It’s My Party and I’ll Scry if I Want To
by Christina Dalcher
Judy’s been my best friend for fifteen years, so wishing she would drown in the apple-bobbing bucket might not seem nice, but you weren’t there.
“Johnny, hold my hair back.” “Oh, Johnny, the water’s so cold!” “Look, Johnny, I got my shirt all wet.”
I grab my chef’s knife and pluck one of the apples out of that cold, shirt-soaking water before locking myself in the bathroom.
For the record, I’m not into superstition. Or Victoriana. But a girl needs to know where her future’s headed, who her Mr. Darcy is, whether to keep fishing or cut the bait line. I slice the apple into nine even pieces, an auspicious—if logistically challenging—number, saving the last wedge for the friendly spirits.
On Halloween inside this glass…
Someone knocks when I’m five words into my mantra.
“I’m scrying here!”
…my future spouse’s face will pass.
Talk about lame.
More footsteps on the stairs. Judy’s voice this time.
I open the door and let her inside. “What?”
“Someone said you were crying.” Judy wraps me in a bear hug, pops the ninth piece of apple into her mouth, says she loves me.
Before we leave the bathroom, I catch her reflection in the mirror.
Christina Dalcher is a linguist, novelist, and flash fiction addict from The Land of Styron. She is currently matriculating at the Read Every Word Stephen King Wrote MFA program, which she invented. Find her at ChristinaDalcher.com or @CVDalcher. Or hiding in a cupboard above the stairs. Or read her short work in Zetetic, Pidgeonholes, and Syntax & Salt, among other corners of the literary ether.
by Tasha Teets
I had found the green ribbon by chance; stuffed between two hay bales in the back of the barn. I was searching for our spare whetstone, when I noticed the gap between the bales. It wasn’t mine; the last thing my husband gave me was his mother’s wedding ring.
I placed the ribbon back between the hay and decided to put the whole thing out of my mind. The truth, that my husband was unfaithful, was too shameful to bear. Lost in thought, I found the whetstone resting atop an old saddle and headed back toward the wood pile. I never saw my Husband watching me from the top of the attic stairs.
One final swipe and the ax’s blade glinted red, reflecting the light from the setting sun. A sudden blow striking my temple brought me to my knees, the ax falling from limp fingers. Dazed, I turned to my attacker and caught a glimpse of my Husband’s face before he kicked me to the ground. He raised the ax and swung it down upon my neck.
Beheading is a slow, intimate process, but my Husband was resolved to see it through. One secret gift found. Two flinches of hesitation. Three pleas for mercy. Four swings and I was dead.
Tasha Teets is the Customer Service Representative for Gerber Collision. She also assists with managerial duties to run day to day operations. Over the past 3 years, she has worked with various Maryland locations to improve productivity and sales. Tasha Teets has taken classes at Anne Arundel Community College and plans to transfer to Bowie State University. She resides in Bowie, Maryland with her family and one spoiled rotten dog.
by Grey Harlowe
When they started to arrive on Cross Street doorsteps, it was without explanation. Mrs. Blanchard, Sunday School teacher, got one with a pin stuck through its head, then succumbed to crippling migraines. Mrs. Thomas, crossing guard, turned up one on a rose branch, right before she fell smack on her garden rake. It was an ordeal for their neighborhood of neat fences and good jobs.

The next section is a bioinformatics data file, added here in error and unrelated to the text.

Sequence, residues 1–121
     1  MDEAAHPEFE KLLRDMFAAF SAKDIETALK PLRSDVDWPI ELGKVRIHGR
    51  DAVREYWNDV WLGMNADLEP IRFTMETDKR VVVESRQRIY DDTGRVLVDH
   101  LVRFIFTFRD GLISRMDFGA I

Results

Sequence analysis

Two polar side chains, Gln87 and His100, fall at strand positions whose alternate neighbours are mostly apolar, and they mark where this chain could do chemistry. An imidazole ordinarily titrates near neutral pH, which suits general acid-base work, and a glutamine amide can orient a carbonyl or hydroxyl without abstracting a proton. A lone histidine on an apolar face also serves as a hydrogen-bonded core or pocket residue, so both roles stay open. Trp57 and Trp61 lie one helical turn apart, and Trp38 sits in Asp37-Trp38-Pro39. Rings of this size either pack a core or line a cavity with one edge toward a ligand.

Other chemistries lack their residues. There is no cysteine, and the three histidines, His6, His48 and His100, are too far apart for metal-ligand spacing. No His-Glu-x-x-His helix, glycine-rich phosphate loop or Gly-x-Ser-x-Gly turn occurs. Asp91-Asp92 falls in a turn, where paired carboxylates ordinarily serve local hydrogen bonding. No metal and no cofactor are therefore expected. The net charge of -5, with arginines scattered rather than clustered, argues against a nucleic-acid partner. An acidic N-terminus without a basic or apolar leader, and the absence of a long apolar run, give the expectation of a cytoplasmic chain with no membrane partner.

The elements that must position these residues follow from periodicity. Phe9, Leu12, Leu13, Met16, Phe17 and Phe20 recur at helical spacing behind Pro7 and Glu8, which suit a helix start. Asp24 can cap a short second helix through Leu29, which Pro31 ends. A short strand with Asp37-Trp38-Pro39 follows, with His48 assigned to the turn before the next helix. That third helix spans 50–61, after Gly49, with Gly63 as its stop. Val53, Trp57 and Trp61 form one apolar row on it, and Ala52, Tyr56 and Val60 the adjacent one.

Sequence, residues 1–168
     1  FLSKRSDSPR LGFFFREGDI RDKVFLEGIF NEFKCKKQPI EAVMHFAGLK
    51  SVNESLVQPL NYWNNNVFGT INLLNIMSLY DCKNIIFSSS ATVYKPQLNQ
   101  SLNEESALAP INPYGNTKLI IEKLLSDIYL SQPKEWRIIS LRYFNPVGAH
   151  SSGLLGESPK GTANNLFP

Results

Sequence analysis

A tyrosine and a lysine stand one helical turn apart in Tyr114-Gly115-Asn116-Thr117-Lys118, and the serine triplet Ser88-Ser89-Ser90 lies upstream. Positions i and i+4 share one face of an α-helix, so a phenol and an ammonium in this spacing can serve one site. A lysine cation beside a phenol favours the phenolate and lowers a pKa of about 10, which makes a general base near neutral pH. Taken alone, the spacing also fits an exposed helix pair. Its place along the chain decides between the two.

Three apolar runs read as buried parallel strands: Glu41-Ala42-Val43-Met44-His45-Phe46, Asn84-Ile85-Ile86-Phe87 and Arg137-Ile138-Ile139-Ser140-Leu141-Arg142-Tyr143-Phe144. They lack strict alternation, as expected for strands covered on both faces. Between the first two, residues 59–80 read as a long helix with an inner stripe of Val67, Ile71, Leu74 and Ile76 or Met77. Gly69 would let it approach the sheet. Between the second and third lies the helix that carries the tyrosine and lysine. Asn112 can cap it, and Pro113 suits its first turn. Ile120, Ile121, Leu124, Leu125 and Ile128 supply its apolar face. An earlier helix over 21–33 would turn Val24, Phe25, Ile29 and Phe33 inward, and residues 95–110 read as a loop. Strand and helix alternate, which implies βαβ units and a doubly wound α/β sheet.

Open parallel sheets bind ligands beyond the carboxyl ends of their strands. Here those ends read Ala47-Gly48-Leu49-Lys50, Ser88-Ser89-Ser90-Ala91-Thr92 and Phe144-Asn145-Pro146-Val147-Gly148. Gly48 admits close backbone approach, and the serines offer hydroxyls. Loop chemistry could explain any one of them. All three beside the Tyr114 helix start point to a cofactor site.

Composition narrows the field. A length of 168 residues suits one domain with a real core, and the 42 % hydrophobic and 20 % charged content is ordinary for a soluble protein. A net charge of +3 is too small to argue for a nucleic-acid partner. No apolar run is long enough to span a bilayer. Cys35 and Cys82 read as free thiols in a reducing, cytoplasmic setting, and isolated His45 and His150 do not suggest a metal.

Mrs. Eckhart kept Edgar and Mary indoors. They were too young to hear the gossip, plus a widow’s life was hard enough. She hoped, they all did, the dolls would just stop. Then she discovered one inside their mailbox, a string around its ankle.
The next day, Mary tripped and almost fell off the porch. If Mrs. Eckhart hadn’t grabbed her arm, she could have broken her neck. Alarmed, she’d made the pair stay home that week. Things seemed to have settled down until she noticed her sewing scissors missing. And that Edgar had been conspicuously absent all morning.
She found him behind his bed, holding a doll with a blue apron at its waist.
“I had to, Mama. You helped Mary. After you’re both gone, they’ll be no one to get in my way.”
Grey Harlowe is a writer living in the Pacific Northwest. Her work has previously been featured by Every Writers Resource, SpeckLit, Cheapjack Pulp, HorrorAddicts.net, Microhorror.com, and The Last Line. She has work forthcoming in The First Line, and Quantum Fairy Tales.
by Shenoa Carroll-Bradd
The last trick-or-treater has come and gone. You turn off the lights, eyeing the last candy bar in the bowl. Peanuts and chocolate. Your favorite. As your foot lands on the first stair, there comes a loud, slow knock at the door. You stop, and look regretfully at the treat in your hand. You can always buy more tomorrow, but for the costumed kids, Halloween is sacred. With a good-natured sigh, you answer the door.
The shape filling your dark porch is too large to be a child, too broad. “Trick-or-treat.”
Fingers trembling, you flick on the porchlight.
The slump-shouldered man at your door wears a mask that looks exactly like you, except for the deep bruising beneath the cut-out eyes. The parted lips are split and bleeding.
You stare, unable to speak.
The man looks down to where your numb fingers still grasp the candy bar. He takes it from you. “My favorite,” he rasps, raising a gnarled finger to tap the mask’s pale, bruised cheek. He touches your face in the corresponding spot.
The contact breaks the spell and jolts you backward. You slam the door on that gruesome latex caricature.
As you lock the door and sprint up the stairs, he calls to you.
“Next year, trick.”
Shenoa lives in southern California and writes whatever catches her fancy, from horror to fantasy and erotica. Check out her fan page at facebook.com/sbcbfiction, say hello on twitter @ShenoaSays, or keep up with her latest projects at sbcbfiction.net.